Do saltwater tanks need different filters? ›

A proper biological filter will rapidly break down ammonia in to nitrite then to less-harmful nitrate. Live rock and live sand are both excellent biological filters as they provide a lot of surface area for bacteria (that breaks down waste) to colonize.

How many GPH filters do I need for a 20 gallon tank? ›

How Much GPH Does a 20 Gallon Tank Need? Ideally, you should use a filter with at least 5 GPH per gallon of water. The best 20 gallon filter should have a flow rate of around 100 GPH. However, there are different factors that influence the ideal flow rate for your tank.

How many sponge filters do I need for a 20 gallon tank? ›

I recommend getting 2 for each tank. That way, if you ever need to quarantine a fish, you have another filter already set up with beneficial bacteria rather than throwing in a new one. This filter keeps my 20 gallon tank's water pristine.

How many filters do you need for a 20 gallon tank? ›

There are 3 types of filters that I recommend for 20 gallon fish tanks: hang on back filter, the internal filter and the canister filter. I will talk about all of these in separate.

What are the 3 types of filtration? ›

The Aquarium uses three main types of filtration: mechanical, chemical, and biological. Mechanical filtration is the removal or straining of solid particles from the water.

Are external filters better than internal? ›

External filters are larger and more powerful than most internal filters and can hold a lot more media, offering better cleaning and supporting more fish. The superior power of external filters makes them suitable for large aquaria; heavily stocked aquaria like African cichlid tanks; and large fish.

Are undergravel filters better? ›

Power filters are nearly always superior to undergravel systems in their filtering abilities. Undergravels don't do a great job at removing debris (mechanical filtration) or purifying the water (chemical filtration), and their main benefit is to draw debris into the substrate where they break down biologically.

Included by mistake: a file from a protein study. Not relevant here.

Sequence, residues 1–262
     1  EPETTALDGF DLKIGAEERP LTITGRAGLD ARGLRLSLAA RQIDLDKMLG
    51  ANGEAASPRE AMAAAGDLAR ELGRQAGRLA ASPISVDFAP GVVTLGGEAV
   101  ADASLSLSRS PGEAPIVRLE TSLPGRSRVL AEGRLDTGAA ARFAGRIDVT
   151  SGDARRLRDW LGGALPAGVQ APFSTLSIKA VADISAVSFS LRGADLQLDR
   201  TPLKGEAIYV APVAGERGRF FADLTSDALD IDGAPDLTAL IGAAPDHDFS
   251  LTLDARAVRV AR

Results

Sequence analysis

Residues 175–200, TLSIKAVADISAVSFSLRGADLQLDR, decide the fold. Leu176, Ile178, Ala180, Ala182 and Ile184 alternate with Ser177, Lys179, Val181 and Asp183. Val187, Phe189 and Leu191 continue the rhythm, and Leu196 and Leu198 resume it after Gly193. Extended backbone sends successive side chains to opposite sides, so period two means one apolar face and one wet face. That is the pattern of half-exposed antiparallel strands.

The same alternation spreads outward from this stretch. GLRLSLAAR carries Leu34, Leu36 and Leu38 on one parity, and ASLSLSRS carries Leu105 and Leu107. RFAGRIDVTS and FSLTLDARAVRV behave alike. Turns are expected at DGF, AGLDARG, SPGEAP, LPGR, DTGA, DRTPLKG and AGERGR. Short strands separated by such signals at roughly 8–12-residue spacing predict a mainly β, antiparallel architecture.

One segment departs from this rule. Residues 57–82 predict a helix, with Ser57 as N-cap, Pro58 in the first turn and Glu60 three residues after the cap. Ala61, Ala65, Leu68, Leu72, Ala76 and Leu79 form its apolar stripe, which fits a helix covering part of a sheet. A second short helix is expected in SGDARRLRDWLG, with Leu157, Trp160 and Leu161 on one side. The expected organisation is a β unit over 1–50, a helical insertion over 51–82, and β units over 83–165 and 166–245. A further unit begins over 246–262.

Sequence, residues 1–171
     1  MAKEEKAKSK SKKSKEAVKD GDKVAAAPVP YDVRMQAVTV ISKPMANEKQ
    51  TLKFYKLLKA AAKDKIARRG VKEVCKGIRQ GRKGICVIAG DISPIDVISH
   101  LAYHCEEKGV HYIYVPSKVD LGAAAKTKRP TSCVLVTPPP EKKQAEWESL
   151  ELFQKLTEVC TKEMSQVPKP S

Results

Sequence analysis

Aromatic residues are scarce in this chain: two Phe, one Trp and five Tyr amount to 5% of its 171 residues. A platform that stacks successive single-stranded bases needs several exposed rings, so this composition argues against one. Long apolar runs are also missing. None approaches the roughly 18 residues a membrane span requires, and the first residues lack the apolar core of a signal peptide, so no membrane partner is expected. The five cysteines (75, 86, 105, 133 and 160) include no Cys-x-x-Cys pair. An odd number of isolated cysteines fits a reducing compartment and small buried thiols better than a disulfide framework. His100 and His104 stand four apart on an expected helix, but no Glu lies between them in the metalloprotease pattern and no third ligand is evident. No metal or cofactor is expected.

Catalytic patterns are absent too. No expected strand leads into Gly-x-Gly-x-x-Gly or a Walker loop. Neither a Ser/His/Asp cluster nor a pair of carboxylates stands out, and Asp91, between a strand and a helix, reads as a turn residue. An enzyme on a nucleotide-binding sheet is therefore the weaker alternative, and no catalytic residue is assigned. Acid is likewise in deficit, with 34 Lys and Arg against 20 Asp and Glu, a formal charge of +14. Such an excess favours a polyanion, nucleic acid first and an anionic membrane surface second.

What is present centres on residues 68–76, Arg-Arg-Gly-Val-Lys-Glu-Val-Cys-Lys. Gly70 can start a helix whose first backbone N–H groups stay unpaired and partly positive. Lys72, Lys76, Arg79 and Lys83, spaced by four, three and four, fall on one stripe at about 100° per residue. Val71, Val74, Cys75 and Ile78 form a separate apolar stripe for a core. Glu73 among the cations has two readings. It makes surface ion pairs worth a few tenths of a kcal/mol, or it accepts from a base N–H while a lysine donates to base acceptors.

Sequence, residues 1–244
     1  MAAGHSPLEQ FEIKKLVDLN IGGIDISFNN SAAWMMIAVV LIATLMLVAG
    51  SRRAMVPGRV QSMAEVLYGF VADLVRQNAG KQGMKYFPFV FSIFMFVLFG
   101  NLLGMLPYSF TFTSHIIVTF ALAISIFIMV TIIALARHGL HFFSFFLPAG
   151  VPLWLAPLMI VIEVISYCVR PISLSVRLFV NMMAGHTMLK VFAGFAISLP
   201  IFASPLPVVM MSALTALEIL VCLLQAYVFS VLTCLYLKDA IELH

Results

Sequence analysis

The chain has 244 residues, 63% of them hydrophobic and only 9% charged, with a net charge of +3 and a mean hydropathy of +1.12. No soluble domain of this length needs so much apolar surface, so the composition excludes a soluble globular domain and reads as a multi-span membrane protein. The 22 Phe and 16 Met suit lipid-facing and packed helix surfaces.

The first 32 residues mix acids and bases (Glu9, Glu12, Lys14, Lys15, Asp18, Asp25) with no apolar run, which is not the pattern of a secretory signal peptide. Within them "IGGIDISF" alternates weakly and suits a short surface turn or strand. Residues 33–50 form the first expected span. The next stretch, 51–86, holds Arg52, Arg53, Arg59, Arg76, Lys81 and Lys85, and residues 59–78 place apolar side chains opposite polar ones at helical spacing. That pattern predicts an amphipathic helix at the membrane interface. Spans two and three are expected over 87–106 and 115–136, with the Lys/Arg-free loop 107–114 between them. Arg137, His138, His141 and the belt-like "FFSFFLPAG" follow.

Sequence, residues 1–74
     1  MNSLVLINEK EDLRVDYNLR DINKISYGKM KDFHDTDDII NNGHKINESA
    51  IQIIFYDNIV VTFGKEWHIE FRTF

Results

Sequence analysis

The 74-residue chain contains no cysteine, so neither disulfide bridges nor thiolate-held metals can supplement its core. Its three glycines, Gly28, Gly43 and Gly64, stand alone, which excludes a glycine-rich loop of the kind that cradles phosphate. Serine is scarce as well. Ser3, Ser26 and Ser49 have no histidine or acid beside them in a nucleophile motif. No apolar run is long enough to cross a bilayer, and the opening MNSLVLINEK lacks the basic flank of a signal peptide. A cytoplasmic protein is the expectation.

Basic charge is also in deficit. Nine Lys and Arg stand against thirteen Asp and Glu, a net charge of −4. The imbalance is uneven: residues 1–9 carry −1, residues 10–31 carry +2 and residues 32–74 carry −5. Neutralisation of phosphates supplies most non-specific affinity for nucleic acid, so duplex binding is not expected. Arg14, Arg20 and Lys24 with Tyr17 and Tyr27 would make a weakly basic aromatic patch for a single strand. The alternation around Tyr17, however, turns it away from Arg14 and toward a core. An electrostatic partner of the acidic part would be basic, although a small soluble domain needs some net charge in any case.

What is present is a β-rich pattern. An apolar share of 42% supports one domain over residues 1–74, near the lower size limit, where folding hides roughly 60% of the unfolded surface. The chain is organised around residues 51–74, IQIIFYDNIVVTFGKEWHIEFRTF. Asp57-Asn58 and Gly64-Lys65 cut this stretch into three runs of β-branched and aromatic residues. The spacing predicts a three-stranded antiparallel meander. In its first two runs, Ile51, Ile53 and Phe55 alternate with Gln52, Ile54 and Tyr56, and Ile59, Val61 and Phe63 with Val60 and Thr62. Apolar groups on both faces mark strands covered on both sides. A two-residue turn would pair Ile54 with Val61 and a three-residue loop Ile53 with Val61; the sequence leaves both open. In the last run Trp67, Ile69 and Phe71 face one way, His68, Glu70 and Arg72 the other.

Do I need a protein skimmer with a canister filter? ›

a canister filter isnt required in a reef, its a tool, a tool for filtration, usually live rock and flow is sufficient, however they can be useful for adding extra water volume to nano tanks and also if you need to use a chemical to aid filtration then very useful, if you had a sump then a rector or 2 hung on the sump ...

Is a protein skimmer necessary for saltwater? ›

It really is no secret that protein skimmers are an essential component of saltwater aquarium filtration.

How often should I clean my saltwater canister filter? ›

Canister Filter – An enclosed type of filter, canister filters can go the longest between cleanings – they may only need to be cleaned every three to four months.

Why is there bubbles in my saltwater tank? ›

The most likely reason for foam build-up, however, is protein. In the saltwater tank, protein-based waste molecules often bond to air bubbles which collect on the tank surface, giving it a foamy appearance.

Can I use a hang on back filter for saltwater? ›

A Hang-On-Back (HOB) or Power Filter can be used on smaller saltwater aquariums with Live Rock & a Protein Skimmer to provide the 3 means of filtration required for a healthy reef tank.

What kind of filter do I need for a 55 gallon saltwater tank? ›

It's recommended that you get a filter with a GPH that is at least four times your tank volume. For example, for a 55 gallon tank, you want a GPH of at least 220.

Is a protein skimmer a filter? ›

A protein skimmer is a piece of equipment used in saltwater aquariums for two purposes: (1) it removes waste in the form of organic compounds from the water, and (2) it also oxygenates the water. At the simplest level, a protein skimmer functions like a filter for removing organic impurities from the water.

Do corals need a filter? ›

Corals have a simple body plan (coral anatomy by NOAA). An inner and an outer cell layer form an enclosed space, the gastrovascular cavity, where the coral's prey is digested. As sessile organisms, corals filter the surrounding water with their tentacles subsisting on plankton and organic matter.

How do I filter my saltwater tank? ›

Top 4 Types of Saltwater Aquarium Filtration! EP: 19 - YouTube

How do you filter salt water? ›

The most common type of membrane separation is called reverse osmosis. Seawater is forced through a semipermeable membrane that separates salt from water. Because the technology typically requires less energy than thermal distillation, most new plants, like Tampa's, now use reverse osmosis.